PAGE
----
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    1. Certifying U.S. Manufacturing Plants for Energy Efficiency Aimee T. McKane, Lawrence Berkeley National Laboratory Consortium for Energy Efficiency May 29, 2008 Webcast

    3. Superior Energy Performance Partnership

    5. Quick Start Website Comprehensive listing of energy efficiency resources from public and non-profit sources - documents, software, training, case studies, tip sheets, experts, and calculators Save Energy Now Best Practices, technologies, tools, and resources that a plant engineer can use today - creating a baseline on energy use, assessing opportunities and implementing Best Practices Manage Your Energy Program Step-by-step process, as well as tools and resource, to evaluate, implement or improve the plant or corporations energy management system Assistance and Resources Tools, case studies, training, experts, and technologies that will give you a Quick Start to achieving Superior Energy Performance http://www.energyquickstart.org/quickstart/

    6. Strategic Goals of Plant Certification

    7. Benefits of Plant Certification Establishes systematic means to achieve continuous improvement Standards for energy management and system assessments Tools and resources to assist in implementation Process for validation Focus on reducing energy intensity per unit of output Helps plants get on the path to improvement by adopting tools and resources Promotes buy-in to energy efficiency Applies to most companies (a wide range of industries) Delivers value to all plants, not just those that pursue certification Creates a transparent way to compare energy efficiency

    8. Certifying Plants for Energy Efficiency

    9. What Is an ANSI-Accredited Certified Plant? Complies with ANSI MSE 2000:2008 Energy Management Standard (eventually an ISO standard) Achieves a minimum energy intensity improvement over the past two years May apply System Assessment Standards for energy systems in plant facilities (initially pumping, compressed air, steam, process heating) May use certified practitionersrecognized by third partyto assist in complying with standards Uses measurement and validation expertsrecognized by a third partyto verify implemented energy savings Uses ANSI-accredited process to achieve third-party plant certification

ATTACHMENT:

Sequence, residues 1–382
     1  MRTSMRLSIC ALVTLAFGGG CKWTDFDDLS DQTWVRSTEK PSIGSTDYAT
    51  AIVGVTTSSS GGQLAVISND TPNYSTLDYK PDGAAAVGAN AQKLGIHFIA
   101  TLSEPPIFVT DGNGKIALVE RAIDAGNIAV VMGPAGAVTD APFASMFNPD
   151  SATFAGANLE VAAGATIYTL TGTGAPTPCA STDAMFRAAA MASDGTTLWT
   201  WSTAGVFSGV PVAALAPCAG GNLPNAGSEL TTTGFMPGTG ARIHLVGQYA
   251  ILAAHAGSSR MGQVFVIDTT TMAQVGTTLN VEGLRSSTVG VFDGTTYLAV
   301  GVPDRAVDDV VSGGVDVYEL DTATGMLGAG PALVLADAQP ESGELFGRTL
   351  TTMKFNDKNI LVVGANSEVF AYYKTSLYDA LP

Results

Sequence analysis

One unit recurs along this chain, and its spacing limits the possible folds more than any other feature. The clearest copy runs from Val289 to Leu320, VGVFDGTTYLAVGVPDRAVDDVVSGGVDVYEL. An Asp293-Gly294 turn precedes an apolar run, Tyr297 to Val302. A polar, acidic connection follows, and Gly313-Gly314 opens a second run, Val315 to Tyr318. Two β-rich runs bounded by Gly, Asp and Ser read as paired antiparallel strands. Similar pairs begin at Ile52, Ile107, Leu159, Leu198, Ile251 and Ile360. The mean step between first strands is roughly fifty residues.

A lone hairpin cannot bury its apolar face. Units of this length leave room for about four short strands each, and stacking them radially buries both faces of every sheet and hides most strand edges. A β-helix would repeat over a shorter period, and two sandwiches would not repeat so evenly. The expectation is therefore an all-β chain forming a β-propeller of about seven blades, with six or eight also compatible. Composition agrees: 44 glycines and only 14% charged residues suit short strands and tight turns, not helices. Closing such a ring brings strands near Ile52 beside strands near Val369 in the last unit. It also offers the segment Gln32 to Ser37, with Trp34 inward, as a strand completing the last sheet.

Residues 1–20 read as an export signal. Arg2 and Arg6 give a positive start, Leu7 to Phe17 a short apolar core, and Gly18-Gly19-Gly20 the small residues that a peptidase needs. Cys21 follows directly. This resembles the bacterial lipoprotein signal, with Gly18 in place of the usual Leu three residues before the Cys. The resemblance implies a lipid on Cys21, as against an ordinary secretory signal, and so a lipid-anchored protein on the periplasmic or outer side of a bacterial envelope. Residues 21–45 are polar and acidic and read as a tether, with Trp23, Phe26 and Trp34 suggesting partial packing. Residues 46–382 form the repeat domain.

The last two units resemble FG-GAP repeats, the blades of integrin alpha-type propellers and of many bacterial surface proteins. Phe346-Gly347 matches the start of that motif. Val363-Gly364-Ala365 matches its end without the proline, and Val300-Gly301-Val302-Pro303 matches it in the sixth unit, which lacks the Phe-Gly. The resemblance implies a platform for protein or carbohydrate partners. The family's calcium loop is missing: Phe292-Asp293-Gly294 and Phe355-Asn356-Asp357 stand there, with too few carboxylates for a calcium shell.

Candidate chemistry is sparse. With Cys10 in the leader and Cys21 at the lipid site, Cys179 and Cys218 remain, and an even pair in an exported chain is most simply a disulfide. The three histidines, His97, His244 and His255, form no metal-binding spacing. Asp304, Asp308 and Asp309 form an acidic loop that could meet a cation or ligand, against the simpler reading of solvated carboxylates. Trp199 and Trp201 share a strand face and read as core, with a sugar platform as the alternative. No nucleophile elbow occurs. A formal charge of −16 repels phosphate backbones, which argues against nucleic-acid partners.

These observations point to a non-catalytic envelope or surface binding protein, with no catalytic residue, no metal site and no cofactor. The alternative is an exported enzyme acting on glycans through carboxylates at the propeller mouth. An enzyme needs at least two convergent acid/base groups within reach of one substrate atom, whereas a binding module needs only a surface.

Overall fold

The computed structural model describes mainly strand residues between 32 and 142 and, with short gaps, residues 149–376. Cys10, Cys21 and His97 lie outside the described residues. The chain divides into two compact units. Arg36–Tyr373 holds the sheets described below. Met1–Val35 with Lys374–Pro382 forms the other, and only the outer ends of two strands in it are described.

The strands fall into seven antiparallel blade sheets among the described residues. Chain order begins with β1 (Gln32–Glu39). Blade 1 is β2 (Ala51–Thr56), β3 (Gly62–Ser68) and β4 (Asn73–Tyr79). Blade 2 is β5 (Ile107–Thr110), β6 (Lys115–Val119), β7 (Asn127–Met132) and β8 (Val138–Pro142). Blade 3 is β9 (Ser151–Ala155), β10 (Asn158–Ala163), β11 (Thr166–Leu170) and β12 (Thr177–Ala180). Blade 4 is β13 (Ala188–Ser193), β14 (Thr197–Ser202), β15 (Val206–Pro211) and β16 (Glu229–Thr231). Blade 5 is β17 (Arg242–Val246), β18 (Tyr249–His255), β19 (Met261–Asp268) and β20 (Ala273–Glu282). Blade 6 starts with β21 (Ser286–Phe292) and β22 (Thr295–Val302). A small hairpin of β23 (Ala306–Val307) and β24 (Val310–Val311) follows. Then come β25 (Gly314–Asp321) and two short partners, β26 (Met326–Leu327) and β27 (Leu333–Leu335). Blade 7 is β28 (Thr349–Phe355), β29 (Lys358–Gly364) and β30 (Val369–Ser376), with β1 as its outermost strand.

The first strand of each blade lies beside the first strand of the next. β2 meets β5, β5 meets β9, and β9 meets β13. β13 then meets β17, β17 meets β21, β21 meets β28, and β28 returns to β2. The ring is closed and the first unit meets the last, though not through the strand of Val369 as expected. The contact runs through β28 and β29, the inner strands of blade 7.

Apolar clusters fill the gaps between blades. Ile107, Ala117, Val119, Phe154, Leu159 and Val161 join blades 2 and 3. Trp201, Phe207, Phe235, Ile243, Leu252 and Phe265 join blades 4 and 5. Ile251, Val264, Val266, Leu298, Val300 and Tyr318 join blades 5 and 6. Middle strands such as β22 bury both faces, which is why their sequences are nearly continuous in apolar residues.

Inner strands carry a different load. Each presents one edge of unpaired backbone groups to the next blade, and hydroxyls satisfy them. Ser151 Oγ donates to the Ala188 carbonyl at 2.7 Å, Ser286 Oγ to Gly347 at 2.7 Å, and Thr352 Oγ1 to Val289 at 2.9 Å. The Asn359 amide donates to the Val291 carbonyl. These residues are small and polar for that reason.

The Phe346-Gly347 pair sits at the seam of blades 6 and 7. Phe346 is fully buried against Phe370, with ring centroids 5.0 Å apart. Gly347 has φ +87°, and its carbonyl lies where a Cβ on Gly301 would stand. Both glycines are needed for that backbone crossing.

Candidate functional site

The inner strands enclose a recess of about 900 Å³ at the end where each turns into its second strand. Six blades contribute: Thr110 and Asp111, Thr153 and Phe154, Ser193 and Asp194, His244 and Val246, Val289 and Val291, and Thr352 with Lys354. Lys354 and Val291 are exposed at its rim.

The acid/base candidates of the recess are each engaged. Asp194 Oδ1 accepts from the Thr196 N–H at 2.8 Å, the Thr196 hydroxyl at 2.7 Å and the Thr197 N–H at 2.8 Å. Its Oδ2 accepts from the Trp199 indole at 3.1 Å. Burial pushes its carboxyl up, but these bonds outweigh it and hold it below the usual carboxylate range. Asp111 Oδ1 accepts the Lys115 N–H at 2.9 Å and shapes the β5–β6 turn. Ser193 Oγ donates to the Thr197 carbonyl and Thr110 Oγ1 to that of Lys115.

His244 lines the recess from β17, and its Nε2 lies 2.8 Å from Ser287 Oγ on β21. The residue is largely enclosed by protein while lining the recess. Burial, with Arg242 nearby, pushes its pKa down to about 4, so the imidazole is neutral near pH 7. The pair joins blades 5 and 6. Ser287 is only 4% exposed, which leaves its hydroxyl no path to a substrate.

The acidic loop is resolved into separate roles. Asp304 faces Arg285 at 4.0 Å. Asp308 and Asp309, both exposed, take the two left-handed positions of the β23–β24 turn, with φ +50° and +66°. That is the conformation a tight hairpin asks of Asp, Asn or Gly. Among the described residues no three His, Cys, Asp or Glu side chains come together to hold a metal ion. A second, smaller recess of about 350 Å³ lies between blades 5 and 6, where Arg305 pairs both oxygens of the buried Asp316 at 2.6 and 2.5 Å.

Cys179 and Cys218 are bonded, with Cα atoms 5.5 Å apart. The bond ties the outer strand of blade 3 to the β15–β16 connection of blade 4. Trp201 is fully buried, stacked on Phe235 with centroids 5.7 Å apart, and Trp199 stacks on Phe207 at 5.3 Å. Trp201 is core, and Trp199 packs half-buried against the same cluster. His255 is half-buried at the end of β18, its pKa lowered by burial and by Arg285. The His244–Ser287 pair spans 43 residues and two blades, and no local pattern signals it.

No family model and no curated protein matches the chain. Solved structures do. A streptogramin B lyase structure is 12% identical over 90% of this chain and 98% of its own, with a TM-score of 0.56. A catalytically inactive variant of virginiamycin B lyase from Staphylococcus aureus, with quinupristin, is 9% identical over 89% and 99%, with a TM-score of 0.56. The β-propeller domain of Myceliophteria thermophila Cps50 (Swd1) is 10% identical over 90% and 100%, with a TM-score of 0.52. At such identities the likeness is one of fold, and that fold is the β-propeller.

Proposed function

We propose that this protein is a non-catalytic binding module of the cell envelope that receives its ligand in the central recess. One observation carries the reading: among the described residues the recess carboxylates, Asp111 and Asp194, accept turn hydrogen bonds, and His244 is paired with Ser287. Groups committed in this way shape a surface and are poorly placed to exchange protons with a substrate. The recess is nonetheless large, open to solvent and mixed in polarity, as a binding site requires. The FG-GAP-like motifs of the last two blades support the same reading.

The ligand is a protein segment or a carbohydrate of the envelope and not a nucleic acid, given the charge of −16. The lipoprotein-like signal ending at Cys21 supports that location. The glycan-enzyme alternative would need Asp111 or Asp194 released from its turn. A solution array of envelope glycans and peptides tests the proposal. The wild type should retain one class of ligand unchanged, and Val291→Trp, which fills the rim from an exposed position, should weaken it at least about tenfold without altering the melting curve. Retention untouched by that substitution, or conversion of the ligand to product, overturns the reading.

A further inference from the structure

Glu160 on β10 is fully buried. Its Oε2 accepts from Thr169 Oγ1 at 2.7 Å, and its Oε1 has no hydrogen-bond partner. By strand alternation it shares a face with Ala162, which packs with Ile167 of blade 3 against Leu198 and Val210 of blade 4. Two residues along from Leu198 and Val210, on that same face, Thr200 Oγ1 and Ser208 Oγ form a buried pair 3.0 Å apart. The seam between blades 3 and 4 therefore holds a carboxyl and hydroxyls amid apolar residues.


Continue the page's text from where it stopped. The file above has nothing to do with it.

10. Requirements for Certification For initial certification, the plant: Complies with the energy management standard, and Achieves validated energy intensity performance by: Demonstrating energy intensity improvement of >5% over the previous 24 month period OR Assessing any energy system which uses greater than 10% of total plant energy use (not including feedstocks) and demonstrating that the plant has: Implemented >30% of total Btu energy savings opportunities that meet the companys internal rate of return (IRR) and are identified through application of system assessment standards, OR Met or exceeded the Energy Management Best Practice threshold* for systems for which Best Practices exist.

    11. So, what does the U.S. energy management system standard look like? Here is a graphic from our latest standard revision. MSE 2000 was designed to integrate project management and management system best practices both of which can be represented with Demings Plan-Do-Check-Act cycle for continual improvements Right-side energy project mgt. Projects of course are one of the primary means for making improvements. Must plan the project. Must implement or DO the project. Then, to be complete we need to measure and verify our success, what we call CHECKING. Finally, based on our checks we are able to prove our performance and look to further efforts to be improving our management system. However, even if you do projects well, best management practices are needed. These are represented by the left text box. The standard also assists an organization to develop a framework/system to sustain their energy savings and also to continually improve the system and energy performance. Speak about why those elements are needed. So, what does the U.S. energy management system standard look like? Here is a graphic from our latest standard revision. MSE 2000 was designed to integrate project management and management system best practices both of which can be represented with Demings Plan-Do-Check-Act cycle for continual improvements Right-side energy project mgt. Projects of course are one of the primary means for making improvements. Must plan the project. Must implement or DO the project. Then, to be complete we need to measure and verify our success, what we call CHECKING. Finally, based on our checks we are able to prove our performance and look to further efforts to be improving our management system. However, even if you do projects well, best management practices are needed. These are represented by the left text box. The standard also assists an organization to develop a framework/system to sustain their energy savings and also to continually improve the system and energy performance. Speak about why those elements are needed.